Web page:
The Plaza Classic Film Festival started in 2008 as a special project of the El Paso Community Foundation to bring movies back to the historic Plaza Theatre. The Community Foundation purchased 35mm and state of the art digital projection equipment for the atmospheric theater, which opened in 1930, closed in the mid-’70s and was restored for $38 million in 2006 in a joint partnership between the City of El Paso and the Community Foundation.
The first Festival was called The Movies Return and was the brainchild of EPCF President/CEO Eric Pearson and local contractor, developer, Film Salon host, “On Film” radio host and walking classic film encyclopedia Charles Horak. It was a smash hit. More than 25,000 people turned out to watch more than 60 movies at the Plaza Theatre and adjacent Philanthropy Theatre.
It returned in 2009 with a new name, the Plaza Classic Film Festival, and a growing popularity in the region and throughout the country. PCFF has drawn major name celebrity guests — including Al Pacino, El Paso native Debbie Reynolds, Rita Moreno, Eva Marie Saint, Tippi Hedren, Michael York and Margaret O’Brien — and audiences that average around 40,000 a year. More than 200,000 people have attended the first six Festivals.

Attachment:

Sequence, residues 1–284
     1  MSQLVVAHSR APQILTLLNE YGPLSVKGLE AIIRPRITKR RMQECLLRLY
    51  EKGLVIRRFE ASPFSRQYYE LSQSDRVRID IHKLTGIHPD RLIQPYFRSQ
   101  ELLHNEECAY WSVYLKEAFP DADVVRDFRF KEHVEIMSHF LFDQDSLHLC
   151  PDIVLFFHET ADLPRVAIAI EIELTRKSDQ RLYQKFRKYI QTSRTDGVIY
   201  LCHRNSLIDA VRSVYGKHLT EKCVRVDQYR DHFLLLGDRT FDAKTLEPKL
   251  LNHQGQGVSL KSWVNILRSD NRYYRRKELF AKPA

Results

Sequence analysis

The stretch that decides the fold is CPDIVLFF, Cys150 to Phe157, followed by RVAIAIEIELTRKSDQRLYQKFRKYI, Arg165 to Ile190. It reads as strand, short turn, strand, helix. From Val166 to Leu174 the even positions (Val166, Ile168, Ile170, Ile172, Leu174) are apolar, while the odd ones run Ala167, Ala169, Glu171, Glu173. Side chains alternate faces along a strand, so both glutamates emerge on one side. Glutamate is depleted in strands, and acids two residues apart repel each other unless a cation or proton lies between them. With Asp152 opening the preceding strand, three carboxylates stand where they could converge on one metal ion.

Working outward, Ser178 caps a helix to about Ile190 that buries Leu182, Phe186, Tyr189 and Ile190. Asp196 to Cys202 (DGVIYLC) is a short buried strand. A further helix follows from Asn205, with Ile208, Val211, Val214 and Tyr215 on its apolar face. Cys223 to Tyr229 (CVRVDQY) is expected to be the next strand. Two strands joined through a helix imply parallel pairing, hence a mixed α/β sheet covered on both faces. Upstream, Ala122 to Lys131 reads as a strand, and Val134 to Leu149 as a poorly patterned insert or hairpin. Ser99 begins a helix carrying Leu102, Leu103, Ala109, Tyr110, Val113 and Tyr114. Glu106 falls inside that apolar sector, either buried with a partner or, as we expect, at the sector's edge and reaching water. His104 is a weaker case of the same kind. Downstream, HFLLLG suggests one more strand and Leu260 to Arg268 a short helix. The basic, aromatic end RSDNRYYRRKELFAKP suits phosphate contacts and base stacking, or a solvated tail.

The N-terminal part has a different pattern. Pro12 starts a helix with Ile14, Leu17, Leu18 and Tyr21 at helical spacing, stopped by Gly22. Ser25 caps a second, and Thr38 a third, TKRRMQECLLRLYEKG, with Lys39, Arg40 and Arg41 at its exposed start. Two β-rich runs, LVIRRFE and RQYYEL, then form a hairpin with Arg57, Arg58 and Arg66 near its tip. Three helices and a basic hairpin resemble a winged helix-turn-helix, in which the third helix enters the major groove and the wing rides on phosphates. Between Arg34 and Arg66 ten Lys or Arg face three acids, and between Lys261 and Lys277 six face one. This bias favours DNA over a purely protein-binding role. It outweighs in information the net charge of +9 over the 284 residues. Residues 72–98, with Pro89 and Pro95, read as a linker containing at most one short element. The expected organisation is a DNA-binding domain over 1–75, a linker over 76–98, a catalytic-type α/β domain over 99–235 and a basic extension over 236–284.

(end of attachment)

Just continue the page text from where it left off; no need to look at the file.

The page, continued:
PCFF has expanded its footprint with the addition of free movies and concerts outdoors in the Arts Festival Plaza (due to construction, they’ll move this year to Mills Street) and the Mills Plaza Parking Garage, as well as annual collaborative exhibits with the El Paso Museum of Art that have included costumes designed by Edith Head, costumes and jewelry from The Ten Commandments and production art. This year’s exhibit features movie posters from around the world, culled from Charles Horak’s private collection.
The Festival also has become a showcase for the work of local and area filmmakers through its Local Flavor series, which screens features, shorts, documentaries and other films by area filmmakers or with strong local connections.
The Festival has an economic impact of $1.5 million annually. About 15 percent of its audience comes from outside of the 45-mile El Paso/Juarez/Las Cruces radius, a third of them from the Austin area.
This is the Festival’s seventh year. In 2013, PCFF artistic director Charles Horak stepped down and former El Paso Times entertainment writer Doug Pullen was hired as the new program director. He has been working with and an advisory committee that consists of El Paso Community Foundation executives Eric Pearson, Kathrin Berg Pettit and Gary Williams, actor-screenwriter Camilla Carr, UTEP lecturer Jaime Mendez, NMSU graduate student Jack Fields and filmmaker Carlos Corral, who coordinates our Local Flavor entries and events.